Excerpts from Jim Conrad's
Naturalist Newsletter

Wrinkled Grasshopper, HIPPISCUS OCELOTE

from the September 7, 2014 Newsletter issued from the Frio Canyon Nature Education Center in the valley of the Dry Frio River in northern Uvalde County, southwestern Texas, on the southern border of the Edwards Plateau, USA

In the middle of a gravel road in the middle of the morning there sat the fairly large (1¾ inches, 45mm), boldly patterned grasshopper shown above. Even though the bicycle had almost run over him, he hadn't moved a bit, so I circled back to see if he'd stay still long enough to be photographed. Not only was that image allowed, but also I got the top view of his back, which was nicely marked with a distinctive white X, as seen below.

Wrinkled Grasshopper, HIPPISCUS OCELOTE, pronotum from above

While photographing, I hadn't noticed the red items on his back, or pronotum. I'm guessing that the red things are mites, possibly of the family Erythraeidae, composed of parasitic mites, some of which are known to parasitize grasshoppers, and when they do so they look just like what's shown in our pictures. Maybe this parasitization explains why our grasshopper was behaving so lethargically. A side view of the same part of the grasshopper appears below:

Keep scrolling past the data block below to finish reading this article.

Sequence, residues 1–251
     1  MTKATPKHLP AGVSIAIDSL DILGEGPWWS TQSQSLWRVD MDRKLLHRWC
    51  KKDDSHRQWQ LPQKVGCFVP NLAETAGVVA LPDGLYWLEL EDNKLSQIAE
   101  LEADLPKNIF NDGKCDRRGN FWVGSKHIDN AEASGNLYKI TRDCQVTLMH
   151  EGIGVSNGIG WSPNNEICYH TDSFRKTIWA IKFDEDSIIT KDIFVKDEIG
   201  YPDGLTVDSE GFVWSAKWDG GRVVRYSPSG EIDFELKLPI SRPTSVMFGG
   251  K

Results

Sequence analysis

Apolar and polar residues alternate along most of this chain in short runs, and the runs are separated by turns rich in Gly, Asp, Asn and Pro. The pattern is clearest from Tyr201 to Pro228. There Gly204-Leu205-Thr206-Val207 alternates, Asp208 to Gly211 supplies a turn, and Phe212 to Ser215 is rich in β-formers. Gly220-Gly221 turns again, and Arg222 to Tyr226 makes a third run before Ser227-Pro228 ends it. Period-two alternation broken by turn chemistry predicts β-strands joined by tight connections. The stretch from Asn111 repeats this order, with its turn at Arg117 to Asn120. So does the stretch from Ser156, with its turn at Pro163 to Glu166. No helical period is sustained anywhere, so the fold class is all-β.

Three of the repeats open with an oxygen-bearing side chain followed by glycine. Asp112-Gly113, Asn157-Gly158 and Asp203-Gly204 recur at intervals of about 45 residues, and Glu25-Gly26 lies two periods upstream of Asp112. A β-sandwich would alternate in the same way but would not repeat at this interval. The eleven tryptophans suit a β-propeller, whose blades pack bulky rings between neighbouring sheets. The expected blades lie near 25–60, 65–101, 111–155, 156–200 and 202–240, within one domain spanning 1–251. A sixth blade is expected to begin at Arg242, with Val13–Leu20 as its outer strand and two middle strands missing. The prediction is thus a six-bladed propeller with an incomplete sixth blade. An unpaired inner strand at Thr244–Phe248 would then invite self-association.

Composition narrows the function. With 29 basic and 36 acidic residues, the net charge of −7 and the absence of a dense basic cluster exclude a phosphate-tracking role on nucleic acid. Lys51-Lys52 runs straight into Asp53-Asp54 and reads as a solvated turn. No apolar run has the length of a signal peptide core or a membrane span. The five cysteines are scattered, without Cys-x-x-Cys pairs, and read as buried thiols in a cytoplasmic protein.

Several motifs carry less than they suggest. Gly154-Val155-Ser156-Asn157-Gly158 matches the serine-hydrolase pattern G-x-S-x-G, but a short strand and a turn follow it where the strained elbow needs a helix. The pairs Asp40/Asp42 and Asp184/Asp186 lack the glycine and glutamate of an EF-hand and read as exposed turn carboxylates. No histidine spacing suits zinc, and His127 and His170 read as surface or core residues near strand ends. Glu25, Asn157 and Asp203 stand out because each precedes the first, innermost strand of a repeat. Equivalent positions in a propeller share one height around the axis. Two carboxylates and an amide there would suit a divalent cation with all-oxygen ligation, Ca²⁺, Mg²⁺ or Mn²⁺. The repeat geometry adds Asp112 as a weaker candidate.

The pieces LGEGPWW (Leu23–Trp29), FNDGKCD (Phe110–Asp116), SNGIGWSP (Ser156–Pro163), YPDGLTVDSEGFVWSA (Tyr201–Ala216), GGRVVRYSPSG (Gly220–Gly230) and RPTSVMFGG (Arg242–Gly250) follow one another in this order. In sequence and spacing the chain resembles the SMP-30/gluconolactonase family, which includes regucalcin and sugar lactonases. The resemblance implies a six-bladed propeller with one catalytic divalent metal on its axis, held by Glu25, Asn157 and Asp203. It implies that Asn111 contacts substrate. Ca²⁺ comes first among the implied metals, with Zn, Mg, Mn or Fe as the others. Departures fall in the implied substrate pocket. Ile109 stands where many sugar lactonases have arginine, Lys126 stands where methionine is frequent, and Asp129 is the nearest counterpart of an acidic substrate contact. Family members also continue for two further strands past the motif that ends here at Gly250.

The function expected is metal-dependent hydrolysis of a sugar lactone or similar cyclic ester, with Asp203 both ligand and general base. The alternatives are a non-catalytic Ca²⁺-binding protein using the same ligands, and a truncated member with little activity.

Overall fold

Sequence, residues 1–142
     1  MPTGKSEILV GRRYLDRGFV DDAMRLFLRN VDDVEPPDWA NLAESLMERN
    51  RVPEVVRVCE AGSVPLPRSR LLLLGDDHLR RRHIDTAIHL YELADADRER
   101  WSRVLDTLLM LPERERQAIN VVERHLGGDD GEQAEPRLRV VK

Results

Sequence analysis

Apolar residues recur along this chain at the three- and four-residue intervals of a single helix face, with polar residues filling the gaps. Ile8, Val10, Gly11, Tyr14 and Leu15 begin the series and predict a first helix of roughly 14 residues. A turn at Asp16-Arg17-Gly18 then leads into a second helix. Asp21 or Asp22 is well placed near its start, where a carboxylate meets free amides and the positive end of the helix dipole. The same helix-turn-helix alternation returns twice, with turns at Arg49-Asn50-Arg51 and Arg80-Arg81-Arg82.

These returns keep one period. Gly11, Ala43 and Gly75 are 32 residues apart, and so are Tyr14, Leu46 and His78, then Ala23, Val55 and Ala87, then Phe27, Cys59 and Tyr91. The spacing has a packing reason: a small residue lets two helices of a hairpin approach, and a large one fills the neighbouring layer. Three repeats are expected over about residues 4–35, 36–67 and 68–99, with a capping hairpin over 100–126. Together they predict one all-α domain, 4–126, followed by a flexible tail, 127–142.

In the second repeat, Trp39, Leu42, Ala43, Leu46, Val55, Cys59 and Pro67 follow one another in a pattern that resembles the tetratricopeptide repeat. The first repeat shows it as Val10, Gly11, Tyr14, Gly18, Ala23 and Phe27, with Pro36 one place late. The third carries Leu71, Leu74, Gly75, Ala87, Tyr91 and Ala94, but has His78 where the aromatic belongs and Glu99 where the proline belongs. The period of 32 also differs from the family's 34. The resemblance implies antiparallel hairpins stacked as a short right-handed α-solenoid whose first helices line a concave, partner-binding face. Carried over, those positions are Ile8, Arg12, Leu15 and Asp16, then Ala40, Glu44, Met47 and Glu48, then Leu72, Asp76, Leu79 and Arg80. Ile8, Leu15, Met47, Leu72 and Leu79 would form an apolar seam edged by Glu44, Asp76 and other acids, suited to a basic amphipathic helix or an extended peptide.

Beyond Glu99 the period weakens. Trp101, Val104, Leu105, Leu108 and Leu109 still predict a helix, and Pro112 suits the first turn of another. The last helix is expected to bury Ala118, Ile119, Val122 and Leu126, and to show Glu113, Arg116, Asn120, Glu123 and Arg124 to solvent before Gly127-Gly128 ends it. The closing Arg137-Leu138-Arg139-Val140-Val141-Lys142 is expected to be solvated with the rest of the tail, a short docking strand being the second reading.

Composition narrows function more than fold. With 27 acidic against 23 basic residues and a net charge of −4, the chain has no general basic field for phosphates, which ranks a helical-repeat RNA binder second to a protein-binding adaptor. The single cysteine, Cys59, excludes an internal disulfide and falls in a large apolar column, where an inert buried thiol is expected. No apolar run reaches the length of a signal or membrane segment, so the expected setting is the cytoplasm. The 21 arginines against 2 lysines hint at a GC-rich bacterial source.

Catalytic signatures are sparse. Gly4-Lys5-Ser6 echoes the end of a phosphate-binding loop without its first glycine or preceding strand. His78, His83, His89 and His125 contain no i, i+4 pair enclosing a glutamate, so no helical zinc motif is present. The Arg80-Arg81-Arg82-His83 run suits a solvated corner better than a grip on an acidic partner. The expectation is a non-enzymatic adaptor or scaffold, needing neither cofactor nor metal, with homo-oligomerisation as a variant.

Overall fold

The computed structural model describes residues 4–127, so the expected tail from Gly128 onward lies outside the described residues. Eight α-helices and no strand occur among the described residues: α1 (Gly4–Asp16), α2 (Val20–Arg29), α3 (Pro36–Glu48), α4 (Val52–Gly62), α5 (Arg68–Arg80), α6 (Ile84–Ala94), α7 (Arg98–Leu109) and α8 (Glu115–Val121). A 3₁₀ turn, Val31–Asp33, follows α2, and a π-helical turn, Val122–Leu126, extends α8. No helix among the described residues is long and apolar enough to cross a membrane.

Wrinkled Grasshopper, HIPPISCUS OCELOTE, pronotum side view

The grasshopper was so sluggish that I caught him, and was able to see that his hind wings when opened displayed yellow and black splotches, shown below:

Wrinkled Grasshopper, HIPPISCUS OCELOTE, yellow & black wings

Grasshoppers can be hard to identify, but both volunteer identifier Bea in Ontario and I came up with the same name, which is the Wrinkled Grasshopper, HIPPISCUS OCELOTE, occurring throughout Mexico except for the Yucatan and Baja Peninsulas and in the US common east of the Rocky Mountains and the desert southwest, where it inhabits prairies, pastures, and fields, only occasionally turning up in open woods. It feeds on a variety of plants but prefers grass. Its occurrence seems to be spotty and never in large numbers, so it's not regarded as of agricultural interest. Recently I'd heard of vast swarms of grasshoppers in the Texas Panhandle farther to the north and had thought this might be one of them, but guess not.

Though our Wrinkled Grasshopper's bold, dark patterning really stood out on the white gravel road, in grassy areas the species' camouflage is very effective. Moreover, members of the species make themselves even harder to see by entangling themselves in grass blades.